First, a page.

Inside the improvised gallery, many of the contributions also commented on the market. Richter exhibited Zehn Grosse Farbtafeln (Ten Large Color Charts), 1966, derived, although not exactly copied, from hardware-store paint charts. One of Richter’s first color-chart paintings and first abstract canvases, it reveals the most basic of painters’ materials to be steeped deeply in commodity culture. Notably, the work stands semifolded and freely on short stilts, an unusual installation the artist speculates may have been dictated by space limitations, but one that also played on the signature temporary walls of the nearby fair. To the right of this work hung one of Palermo’s cloth pictures sewn from shiny and matte white fabrics, part of a body of work that ingeniously intertwined modernist painting (impeccably flat monochrome) with popular commodity (ready-made fabrics in horizontal bands suggesting popular landscapes). Ruthenbeck, a Joseph Beuys student like Palermo and the only one to sell work out of “Demonstrative,” exhibited an oversize spoon and umbrella, monuments to the banal household goods of the German economic miracle that many observers feared the fair was also making of art. As one critic lamented: “Paintings and sculptures are being traded like refrigerators and sewing machines in a household fair. . . . Can one do that—put art on the market like any old household article?” The following year, Friedrich was invited to join KUNSTMARKT, from then on making his sometimes maverick, sometimes groundbreaking, statements from within: In 1969, he demonstrated the fair’s price dynamics by offering individual Brillo boxes by Warhol for ten marks on the first day, for twenty on the third, and for eighty on the last; in 1972, he rotated one-man installations in his booth on a daily basis, a strategy copied by fair exhibitors to this day. New color charts and cloth pictures were fitting parts of the program.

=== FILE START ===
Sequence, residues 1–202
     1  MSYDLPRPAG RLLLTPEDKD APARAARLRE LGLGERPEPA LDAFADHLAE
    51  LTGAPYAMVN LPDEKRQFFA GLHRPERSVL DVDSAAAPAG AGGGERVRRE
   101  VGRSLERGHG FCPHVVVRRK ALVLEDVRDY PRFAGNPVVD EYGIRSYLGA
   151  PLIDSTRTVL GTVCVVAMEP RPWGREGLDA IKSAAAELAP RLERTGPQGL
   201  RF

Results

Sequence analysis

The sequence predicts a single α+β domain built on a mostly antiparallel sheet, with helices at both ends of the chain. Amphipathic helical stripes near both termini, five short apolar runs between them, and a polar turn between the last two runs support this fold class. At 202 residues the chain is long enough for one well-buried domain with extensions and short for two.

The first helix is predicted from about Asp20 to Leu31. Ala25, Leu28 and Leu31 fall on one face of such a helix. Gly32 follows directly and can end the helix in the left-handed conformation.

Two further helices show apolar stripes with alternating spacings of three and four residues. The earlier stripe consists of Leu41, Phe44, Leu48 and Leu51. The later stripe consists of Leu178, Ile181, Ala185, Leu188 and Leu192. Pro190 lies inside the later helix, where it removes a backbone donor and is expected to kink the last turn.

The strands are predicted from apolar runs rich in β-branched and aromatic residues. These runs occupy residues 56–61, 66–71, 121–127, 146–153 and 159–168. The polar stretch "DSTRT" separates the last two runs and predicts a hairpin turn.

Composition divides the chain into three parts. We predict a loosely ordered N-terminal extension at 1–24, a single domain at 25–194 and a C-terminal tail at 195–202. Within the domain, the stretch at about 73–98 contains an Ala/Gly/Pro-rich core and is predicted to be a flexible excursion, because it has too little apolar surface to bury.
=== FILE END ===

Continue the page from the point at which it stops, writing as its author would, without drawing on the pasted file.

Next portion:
If Friedrich greeted his initial rejection with artistic ingenuity, other spurned dealers followed decidedly less noble paths and participated in the widespread criticism that would accompany the fair for years to come. The Mainz-based gallerist Alexander Baier made comparisons to a “cartel” and filed suit with the City of Cologne to withdraw the VPDK’s legal status as a nonprofit Verein, which hinged on whether the group of dealers stood to benefit economically from its association (as opposed to individual members making profits in or outside the fair). Baier, like Friedrich and other colleagues, was quite obviously concerned that exclusion from the VPDK and the fair would harm not only his immediate sales but also his reputation with clients, artists, and the press. What’s more, there were grumblings about the use for private commerce of the Gürzenich, a municipal building and fifteenth-century landmark that was commonly the site of cultural events such as concerts and carnivals. Yet the city’s cultural deputy, Kurt Hackenberg, clearly saw the fair as an opportunity to burnish Cologne’s reputation, and he rewarded the VPDK’s pioneering mentality by granting it the lease: “[They] precisely had the idea for the KUNSTMARKT,” he defended them. “Columbus, after all, was the first to discover America.” Aside from offering the building, Hackenberg also extended a loan to finance the show’s catalogue and advertising. In hindsight, what some regarded as a conflict of interest now seems a matter of course, with art fairs taking up residence in city-owned convention centers and with visitors’ bureaus announcing them locally and beyond. But even then, a fair was seen as a direct financial boon to its host town, for while the KUNSTMARKT participants split the admittedly cheap rent, Hackenberg in return negotiated for the city to receive the income from entrance fees for an expected two thousand visitors, who turned out in more than sevenfold numbers.